Last Friday, the U.S. Federal Trade Commission (FTC) announced its privacy settlement with Facebook was finalized. Now details are surfacing about the company's 2009-era verified apps program that was subsequently ditched.
According to The Guardian, the FTC accused Facebook of deceiving developers and charging them for verifying apps and awarding a badge to show consumers the apps were vetted by the social network.
Guardian writes, "Developers paid Facebook $375, or $175 for a student or non-profit organisation, to be given the green tick [approval]. Verified apps were given other benefits including prominence in its search results and a higher ranking on the directory of apps."
However, this allegedly never happened, and the FTC said Facebook was deceptive in its actions as Facebook took no steps to actually verify the apps the third parties paid them to do. In its 19-page complaint [PDF] that outlines several violations, the agency has Facebook's verified apps program listed as Count #6.
The agency said Facebook charged the app developers, but did not do any extra vetting than it would have for any app.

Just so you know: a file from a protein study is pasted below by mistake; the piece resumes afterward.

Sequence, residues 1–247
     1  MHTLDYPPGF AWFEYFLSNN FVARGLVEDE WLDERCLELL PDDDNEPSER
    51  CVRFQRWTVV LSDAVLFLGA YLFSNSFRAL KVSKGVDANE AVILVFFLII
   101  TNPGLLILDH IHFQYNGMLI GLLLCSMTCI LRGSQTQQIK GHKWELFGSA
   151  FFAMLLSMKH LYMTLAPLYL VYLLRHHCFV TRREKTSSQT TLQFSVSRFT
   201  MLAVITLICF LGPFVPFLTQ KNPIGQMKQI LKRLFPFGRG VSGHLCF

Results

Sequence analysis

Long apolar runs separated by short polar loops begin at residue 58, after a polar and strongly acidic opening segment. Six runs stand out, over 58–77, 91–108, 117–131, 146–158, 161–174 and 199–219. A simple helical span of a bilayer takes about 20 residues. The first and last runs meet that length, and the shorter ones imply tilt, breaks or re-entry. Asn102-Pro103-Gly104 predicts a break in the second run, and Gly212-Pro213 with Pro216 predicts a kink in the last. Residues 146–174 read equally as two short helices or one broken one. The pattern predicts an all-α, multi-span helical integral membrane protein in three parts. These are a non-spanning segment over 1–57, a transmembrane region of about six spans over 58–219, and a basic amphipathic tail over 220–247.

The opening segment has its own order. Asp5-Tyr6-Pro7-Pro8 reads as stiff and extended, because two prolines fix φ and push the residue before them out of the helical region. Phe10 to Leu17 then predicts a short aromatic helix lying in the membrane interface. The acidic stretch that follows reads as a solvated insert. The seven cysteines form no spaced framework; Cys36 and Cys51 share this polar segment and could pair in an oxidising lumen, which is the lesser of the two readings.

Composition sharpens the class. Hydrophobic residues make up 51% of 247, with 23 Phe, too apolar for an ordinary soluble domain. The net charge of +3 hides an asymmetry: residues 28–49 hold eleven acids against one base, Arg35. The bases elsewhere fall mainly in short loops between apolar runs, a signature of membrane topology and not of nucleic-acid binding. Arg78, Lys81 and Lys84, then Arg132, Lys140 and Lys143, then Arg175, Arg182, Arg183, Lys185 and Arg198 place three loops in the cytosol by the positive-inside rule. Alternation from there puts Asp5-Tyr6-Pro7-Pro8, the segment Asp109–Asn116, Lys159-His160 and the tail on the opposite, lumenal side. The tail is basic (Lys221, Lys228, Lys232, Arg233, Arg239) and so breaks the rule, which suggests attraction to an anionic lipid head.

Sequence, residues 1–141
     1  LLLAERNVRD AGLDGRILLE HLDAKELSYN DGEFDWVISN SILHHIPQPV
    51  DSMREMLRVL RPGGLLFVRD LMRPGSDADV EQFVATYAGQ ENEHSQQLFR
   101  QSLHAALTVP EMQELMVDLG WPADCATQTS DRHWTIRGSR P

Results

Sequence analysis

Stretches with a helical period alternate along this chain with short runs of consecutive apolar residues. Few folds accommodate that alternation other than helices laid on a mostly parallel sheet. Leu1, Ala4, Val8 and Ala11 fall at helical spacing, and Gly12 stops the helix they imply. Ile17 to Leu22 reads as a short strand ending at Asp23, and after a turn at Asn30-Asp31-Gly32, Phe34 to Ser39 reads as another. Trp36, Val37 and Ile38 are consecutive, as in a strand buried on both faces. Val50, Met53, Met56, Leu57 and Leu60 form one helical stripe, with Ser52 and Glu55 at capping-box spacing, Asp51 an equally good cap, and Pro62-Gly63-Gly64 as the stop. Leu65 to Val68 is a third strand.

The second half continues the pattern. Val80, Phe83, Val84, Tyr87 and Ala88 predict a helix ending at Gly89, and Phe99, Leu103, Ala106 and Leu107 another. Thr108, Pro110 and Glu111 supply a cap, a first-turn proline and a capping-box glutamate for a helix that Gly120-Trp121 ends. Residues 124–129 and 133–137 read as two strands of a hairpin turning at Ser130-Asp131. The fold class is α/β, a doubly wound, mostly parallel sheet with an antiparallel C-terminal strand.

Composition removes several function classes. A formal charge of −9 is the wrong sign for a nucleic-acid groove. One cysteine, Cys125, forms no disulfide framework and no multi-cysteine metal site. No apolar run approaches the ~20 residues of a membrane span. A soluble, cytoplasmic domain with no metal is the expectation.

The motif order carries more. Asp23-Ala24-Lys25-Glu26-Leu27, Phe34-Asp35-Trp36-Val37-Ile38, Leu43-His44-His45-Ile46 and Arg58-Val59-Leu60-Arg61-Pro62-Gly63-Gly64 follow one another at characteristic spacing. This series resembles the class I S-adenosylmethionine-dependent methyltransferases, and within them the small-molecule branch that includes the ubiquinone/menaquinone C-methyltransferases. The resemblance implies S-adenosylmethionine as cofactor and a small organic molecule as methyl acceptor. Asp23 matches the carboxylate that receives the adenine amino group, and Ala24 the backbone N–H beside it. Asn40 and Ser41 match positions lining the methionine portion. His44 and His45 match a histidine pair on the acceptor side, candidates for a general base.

"Facebook took no steps to verify either the security of a verified application's website or the security the application provided for the user information it collected, beyond such steps as it may have taken regarding any other Platform Application," the FTC wrote.
The now-defunct verified app program only lasted about six months back in 2009 awarding 254 apps a "verified" badge, reported ZDNet. Purportedly, Facebook made up to $95,000 on this program when it was active.
Basically, consumers using apps during this time were possibly "lulled into a false sense of security", said ZDNet.
In accordance with its recent terms of settlement, All Facebook reported the social network giant doesn't have to pony up any money for fines, but must submit to a privacy audit for the next 20 years, along with several other stipulations.